Everybody in this business has slow nights. But what if most nights at your restaurant are slow? If you’re one of those restaurant owners who experience this dread, then walk out your front door and take a look at your competitors. Are they, too, having slow nights when you are? Worse yet, are their restaurants full? If the latter is true, then it’s time for some soul searching.
I bring this up because I’ve had recent experiences where I found myself in empty restaurants. One was an Italian concept in the middle of a very hot neighborhood with several good restaurants. The good restaurants in question were all slammed on a recent Friday night. You couldn’t get a seat in any of them without a reservation.
Out of professional curiosity, I decided to check out the Italian restaurant, which has been around for at least a couple years, though nobody I know goes there or has even mentioned the place. Once inside, I saw one couple in a booth. That’s it. Never a good sign on a weekend night. Instead of running, which my instincts were telling me to do, I looked at the menu, which had more than a dozen pasta selections, many of them with a pink cream/tomato sauce. Should there be more than one pasta with a pink sauce on any menu? Okay, two? Not five.
I decided to stay and order a pasta dish with a simple marinara sauce. When the dish arrived at my table it had exactly what I didn’t want—a pink cream sauce. How does that happen? There’s only one other occupied table and the couple there was more interested in canoodling than eating.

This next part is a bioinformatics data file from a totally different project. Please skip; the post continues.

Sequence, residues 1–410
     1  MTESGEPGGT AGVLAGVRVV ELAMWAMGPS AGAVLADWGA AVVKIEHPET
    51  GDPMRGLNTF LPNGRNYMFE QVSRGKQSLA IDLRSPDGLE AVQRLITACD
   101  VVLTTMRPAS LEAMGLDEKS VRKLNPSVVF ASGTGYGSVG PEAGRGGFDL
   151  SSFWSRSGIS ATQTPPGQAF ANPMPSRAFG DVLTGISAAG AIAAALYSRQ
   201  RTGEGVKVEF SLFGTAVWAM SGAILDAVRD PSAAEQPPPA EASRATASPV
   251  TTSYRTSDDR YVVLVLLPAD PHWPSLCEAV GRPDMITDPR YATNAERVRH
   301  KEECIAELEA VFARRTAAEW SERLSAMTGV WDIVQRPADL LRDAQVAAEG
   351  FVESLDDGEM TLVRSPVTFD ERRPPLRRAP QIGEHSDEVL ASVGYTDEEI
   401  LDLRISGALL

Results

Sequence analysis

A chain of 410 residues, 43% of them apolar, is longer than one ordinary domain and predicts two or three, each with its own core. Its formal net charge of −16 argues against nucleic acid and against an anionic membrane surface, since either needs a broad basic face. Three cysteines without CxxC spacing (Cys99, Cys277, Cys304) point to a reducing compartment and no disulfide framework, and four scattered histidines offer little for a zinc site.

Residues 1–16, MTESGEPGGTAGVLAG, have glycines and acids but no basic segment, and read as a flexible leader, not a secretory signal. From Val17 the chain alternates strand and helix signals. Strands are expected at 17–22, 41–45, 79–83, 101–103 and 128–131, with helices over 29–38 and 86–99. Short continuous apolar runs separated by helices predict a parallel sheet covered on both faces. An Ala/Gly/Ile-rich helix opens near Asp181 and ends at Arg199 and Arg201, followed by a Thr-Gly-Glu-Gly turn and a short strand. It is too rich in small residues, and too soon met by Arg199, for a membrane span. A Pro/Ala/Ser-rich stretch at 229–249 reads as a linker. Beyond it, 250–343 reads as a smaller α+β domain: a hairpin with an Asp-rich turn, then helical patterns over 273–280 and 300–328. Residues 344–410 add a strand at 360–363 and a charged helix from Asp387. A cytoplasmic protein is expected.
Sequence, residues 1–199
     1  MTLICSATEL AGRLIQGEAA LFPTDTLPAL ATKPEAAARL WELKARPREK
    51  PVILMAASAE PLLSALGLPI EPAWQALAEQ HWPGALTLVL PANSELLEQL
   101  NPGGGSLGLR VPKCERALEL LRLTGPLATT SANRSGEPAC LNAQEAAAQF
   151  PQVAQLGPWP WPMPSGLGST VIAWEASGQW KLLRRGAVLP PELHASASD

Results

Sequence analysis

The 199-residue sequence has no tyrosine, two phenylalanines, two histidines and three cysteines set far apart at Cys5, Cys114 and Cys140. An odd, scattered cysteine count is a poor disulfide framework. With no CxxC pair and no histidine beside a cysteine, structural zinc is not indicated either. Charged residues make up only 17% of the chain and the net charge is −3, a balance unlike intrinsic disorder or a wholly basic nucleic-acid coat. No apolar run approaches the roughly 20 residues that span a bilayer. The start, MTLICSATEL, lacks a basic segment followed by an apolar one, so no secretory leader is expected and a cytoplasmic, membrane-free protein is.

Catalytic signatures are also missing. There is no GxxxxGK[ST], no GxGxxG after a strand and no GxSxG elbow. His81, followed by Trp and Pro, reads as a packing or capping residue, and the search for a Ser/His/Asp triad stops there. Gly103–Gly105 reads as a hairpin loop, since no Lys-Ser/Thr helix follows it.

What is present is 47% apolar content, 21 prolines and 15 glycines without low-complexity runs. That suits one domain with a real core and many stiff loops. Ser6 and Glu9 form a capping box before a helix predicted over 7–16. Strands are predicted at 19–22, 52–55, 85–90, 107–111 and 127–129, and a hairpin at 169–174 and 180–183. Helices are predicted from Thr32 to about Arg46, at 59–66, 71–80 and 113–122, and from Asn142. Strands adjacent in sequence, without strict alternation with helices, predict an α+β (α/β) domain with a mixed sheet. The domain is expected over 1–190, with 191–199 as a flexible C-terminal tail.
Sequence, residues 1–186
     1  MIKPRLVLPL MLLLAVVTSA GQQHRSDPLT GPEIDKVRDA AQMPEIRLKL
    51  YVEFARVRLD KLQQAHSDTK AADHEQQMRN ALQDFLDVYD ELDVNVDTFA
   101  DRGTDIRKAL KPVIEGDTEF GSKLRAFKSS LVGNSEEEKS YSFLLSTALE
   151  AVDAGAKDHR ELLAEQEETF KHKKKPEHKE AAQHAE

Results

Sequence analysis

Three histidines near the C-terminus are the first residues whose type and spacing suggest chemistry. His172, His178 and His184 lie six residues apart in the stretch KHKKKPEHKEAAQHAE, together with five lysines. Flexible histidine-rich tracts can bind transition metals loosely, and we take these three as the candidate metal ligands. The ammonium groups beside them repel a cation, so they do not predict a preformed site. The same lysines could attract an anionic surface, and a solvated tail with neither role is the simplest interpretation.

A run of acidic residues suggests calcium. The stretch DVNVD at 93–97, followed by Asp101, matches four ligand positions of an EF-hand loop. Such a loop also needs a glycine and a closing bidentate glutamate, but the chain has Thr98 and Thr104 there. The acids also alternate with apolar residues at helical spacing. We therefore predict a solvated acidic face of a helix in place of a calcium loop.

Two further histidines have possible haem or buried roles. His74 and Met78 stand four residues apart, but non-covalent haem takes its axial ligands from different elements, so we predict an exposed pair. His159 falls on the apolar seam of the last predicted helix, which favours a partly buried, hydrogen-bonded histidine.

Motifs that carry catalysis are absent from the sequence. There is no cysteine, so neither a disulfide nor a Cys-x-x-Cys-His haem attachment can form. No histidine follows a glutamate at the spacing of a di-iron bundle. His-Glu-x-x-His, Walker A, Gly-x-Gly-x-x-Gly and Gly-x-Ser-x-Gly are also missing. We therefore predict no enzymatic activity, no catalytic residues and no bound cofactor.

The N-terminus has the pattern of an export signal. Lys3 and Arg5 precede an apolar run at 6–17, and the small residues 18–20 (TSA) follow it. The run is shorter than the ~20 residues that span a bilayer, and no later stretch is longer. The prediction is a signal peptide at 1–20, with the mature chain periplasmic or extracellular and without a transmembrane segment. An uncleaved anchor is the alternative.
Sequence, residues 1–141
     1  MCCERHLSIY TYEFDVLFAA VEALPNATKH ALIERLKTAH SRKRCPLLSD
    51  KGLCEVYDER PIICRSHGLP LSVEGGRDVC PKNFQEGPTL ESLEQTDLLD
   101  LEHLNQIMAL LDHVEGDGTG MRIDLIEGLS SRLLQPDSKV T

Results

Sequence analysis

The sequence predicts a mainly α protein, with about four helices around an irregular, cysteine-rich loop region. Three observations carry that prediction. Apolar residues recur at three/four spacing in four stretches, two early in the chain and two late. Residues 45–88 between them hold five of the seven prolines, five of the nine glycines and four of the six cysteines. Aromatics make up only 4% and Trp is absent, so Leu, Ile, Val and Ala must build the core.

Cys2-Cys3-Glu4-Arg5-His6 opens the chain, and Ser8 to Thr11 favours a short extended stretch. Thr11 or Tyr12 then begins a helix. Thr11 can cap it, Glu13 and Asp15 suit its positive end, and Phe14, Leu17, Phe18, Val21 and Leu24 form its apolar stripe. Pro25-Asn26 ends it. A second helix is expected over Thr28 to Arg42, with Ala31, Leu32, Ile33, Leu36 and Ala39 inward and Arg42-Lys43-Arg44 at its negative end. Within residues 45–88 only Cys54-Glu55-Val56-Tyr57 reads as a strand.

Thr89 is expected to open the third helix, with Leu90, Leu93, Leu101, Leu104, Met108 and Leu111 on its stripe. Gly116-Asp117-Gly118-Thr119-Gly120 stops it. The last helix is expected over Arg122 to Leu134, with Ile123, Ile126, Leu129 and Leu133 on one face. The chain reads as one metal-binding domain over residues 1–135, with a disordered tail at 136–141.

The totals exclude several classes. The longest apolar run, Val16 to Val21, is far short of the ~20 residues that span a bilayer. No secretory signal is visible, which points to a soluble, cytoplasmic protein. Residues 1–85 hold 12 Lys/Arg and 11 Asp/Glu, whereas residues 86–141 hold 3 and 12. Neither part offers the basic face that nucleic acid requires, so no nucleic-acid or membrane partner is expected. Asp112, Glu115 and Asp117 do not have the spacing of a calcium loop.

I politely pointed out the mistake, though I decided to keep the pasta rather than wait for the correct order to be fired. The server was genuinely upset by the error and the owner/manager took the charge off my bill, despite my pleas to pay. So, on a Friday night with just two occupied tables, little or no money is made on one of them.
I understand a bit better why the failure rate of restaurants in this country is off the charts. The owner of this place in question and so many others are either clueless or in denial. Menu items at the Italian restaurant are wildly redundant and lack craveability. The food is neither bad, good nor memorable. Nice people, too. It’s a shame.
But on a Friday night when all his competitors are busy, the owner of this restaurant apparently continues to do what he’s being doing all along and with little success. How long can this restaurant continue like this? It’s not a pony I’d bet on.
So, as I said at the beginning of this piece, if you’re having really slow nights, walk out your door and check on your competitors. If they’re having really good nights, then you’re likely doing something wrong and it’s time to get off your ass and do something before it’s too late. If it comes to this point, you’ve got nothing to lose by making changes. Change can be paralyzing, but bankruptcy is a much harder pill to swallow.
Michael Sanson, Editor-in-Chief
e-mail: [email protected]